Former New York Times editor Bill Keller candidly acknowledged in a recent Politico interview:
I think the Times tries very, very hard not to let itself not be typecast as a liberal paper. And God knows the efforts that have gone into constructing a wall between the opinion section and the rest of the paper are formidable and admirable. But the Times—back when Dan Okrent was our first public editor, he wrote a column with the headline, “Is the New York Times a Liberal Newspaper?” The first sentence of the column was, “Of course it is.” Nobody bothered to read on to his explanation of what he meant by that. He did not mean that the Times panders to Democrats and gives short shrift to the Republicans; what he meant was that the Times is a big, urban, East Coast newspaper, run by liberal arts majors who respect science, who probably give short shrift to religion, who are liberal in the small-l, liberal arts sense of the word, not in the large-L Dennis Kucinich sense of the word.
In other words: We try not to be liberally biased, but not to the point of doing anything about it — and so what do you expect? Besides, we’re not loony liberals like Kucinich.
For people who make a living investigating lack of diversity, they sure do swim in a pristine lake of liberalism. Unless you are entirely unaware of confirmation bias — the human habit of excluding facts and ideas that don’t fit in your worldview — or think your people are super-human in the self-awareness department, hiring such people again and again means that you are cultivating bias, not trying to eliminate it.
Conservatives, contrary to the object of their criticism, don’t insist on “unbiased” MSM reporting. What they’d like is some transparency. (“All the news liberals see fit to print” is the more accurate New York Times slogan.) But by elevating themselves as the “real” news and labeling everything else as ideological, they convert their own biases into readers’ blinders. And by refusing to cover entire subjects, they mislead and handicap their readers in dealing with unpleasant facts. In a real sense, they encourage polarization and contempt for ideological opponents’ views.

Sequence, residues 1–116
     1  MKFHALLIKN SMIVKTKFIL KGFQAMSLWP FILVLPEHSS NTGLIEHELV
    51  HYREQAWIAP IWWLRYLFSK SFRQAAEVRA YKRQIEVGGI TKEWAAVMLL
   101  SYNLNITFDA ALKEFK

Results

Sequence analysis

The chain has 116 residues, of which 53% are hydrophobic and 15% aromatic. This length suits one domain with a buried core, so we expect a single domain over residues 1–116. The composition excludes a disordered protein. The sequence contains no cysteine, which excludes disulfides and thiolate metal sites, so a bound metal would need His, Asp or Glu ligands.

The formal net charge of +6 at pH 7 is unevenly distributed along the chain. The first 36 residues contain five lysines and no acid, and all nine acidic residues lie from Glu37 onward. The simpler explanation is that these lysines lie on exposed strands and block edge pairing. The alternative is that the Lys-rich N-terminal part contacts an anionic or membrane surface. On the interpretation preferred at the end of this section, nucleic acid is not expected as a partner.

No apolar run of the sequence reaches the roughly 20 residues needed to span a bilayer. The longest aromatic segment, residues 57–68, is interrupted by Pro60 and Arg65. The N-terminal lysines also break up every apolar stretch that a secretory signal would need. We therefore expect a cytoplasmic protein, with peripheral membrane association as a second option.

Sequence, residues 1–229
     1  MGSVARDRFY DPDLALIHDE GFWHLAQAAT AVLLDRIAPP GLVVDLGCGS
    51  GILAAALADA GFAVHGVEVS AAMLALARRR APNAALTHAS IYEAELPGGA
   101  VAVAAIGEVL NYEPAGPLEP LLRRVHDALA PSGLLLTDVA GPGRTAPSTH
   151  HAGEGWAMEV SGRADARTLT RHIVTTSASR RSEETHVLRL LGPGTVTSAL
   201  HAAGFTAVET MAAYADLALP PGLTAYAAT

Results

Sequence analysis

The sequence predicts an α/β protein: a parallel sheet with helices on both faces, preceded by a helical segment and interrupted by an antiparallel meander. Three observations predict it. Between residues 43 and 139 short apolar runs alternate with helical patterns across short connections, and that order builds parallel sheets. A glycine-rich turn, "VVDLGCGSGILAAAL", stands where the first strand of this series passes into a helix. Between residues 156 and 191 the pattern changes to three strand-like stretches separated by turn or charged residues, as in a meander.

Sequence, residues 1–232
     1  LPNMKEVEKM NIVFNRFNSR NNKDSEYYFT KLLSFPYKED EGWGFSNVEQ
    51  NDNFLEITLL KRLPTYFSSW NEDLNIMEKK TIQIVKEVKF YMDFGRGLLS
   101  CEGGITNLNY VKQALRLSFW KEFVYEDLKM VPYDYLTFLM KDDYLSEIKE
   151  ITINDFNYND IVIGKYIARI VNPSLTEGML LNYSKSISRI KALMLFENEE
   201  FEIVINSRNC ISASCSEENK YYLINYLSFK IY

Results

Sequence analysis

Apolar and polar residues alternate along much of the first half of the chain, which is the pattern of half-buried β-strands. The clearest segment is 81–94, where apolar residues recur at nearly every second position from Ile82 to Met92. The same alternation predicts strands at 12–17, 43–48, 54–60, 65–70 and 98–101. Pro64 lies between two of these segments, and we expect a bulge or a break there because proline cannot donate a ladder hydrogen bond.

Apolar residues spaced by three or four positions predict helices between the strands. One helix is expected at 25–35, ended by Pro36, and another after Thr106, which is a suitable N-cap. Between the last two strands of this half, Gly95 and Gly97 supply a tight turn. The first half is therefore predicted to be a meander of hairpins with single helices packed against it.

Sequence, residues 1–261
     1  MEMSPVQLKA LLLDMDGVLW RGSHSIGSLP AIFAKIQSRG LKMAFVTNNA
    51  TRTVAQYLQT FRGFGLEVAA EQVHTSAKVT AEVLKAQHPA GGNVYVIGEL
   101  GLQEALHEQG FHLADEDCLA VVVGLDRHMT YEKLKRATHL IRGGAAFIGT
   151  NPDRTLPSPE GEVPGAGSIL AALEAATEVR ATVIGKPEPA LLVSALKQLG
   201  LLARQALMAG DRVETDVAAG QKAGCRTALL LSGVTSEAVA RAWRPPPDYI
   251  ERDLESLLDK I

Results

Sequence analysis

I’m especially interested in the topic as I’m reading Megan McArdle’s excellent book “The Up Side of Down.” She uses the extreme example of “60 Minutes” and the phony Bush National Guard documents to make a salient point. Giving Dan Rather and producer Mary Mapes every benefit of the doubt in the catastrophe that brought them both down, she writes: “Confirmation bias is not a sign of bad character; we do it even when we have no particular reason to care about the outcome. Of course, when we do have emotional reasons to care, this tendency is exacerbated.” And she cites research suggesting this is worsened by recruiting bias: “Once you’ve got a theory about something, you’re bound to notice stray facts that otherwise would have slipped your attention. Once you’ve got enough recruits, they start reinforcing each other, until you hardly notice the big hole in your left flank.” In the case of “60 Minutes,” Mapes “had been arguing for [the documents’] veracity for so long that she didn’t know how to stop . . . [S]he began demanding that others prove a negative, rather than accepting her own responsibility to be certain they were real.”
Not every error, overlooked story or naive acceptance of a liberal administration’s spin as gospel need be as bad as the “60 Minutes” case. But precisely because there usually is no calamity to unmask the problem and ruin careers, the MSM generally goes on and on, hiring the same sort of folks, reinforcing the same worldview and churning out the same shaved version of the news. It is worse in domestic politics because the emotional investment (President Obama winning over Republicans, legalizing gay marriage) is so great for many liberals.
Inertia is a powerful thing, but if you really are committed to “not be typecast as a liberal paper,” you have to do something about it. Otherwise, just give up the ghost and admit you’re in the tank for the Democrats.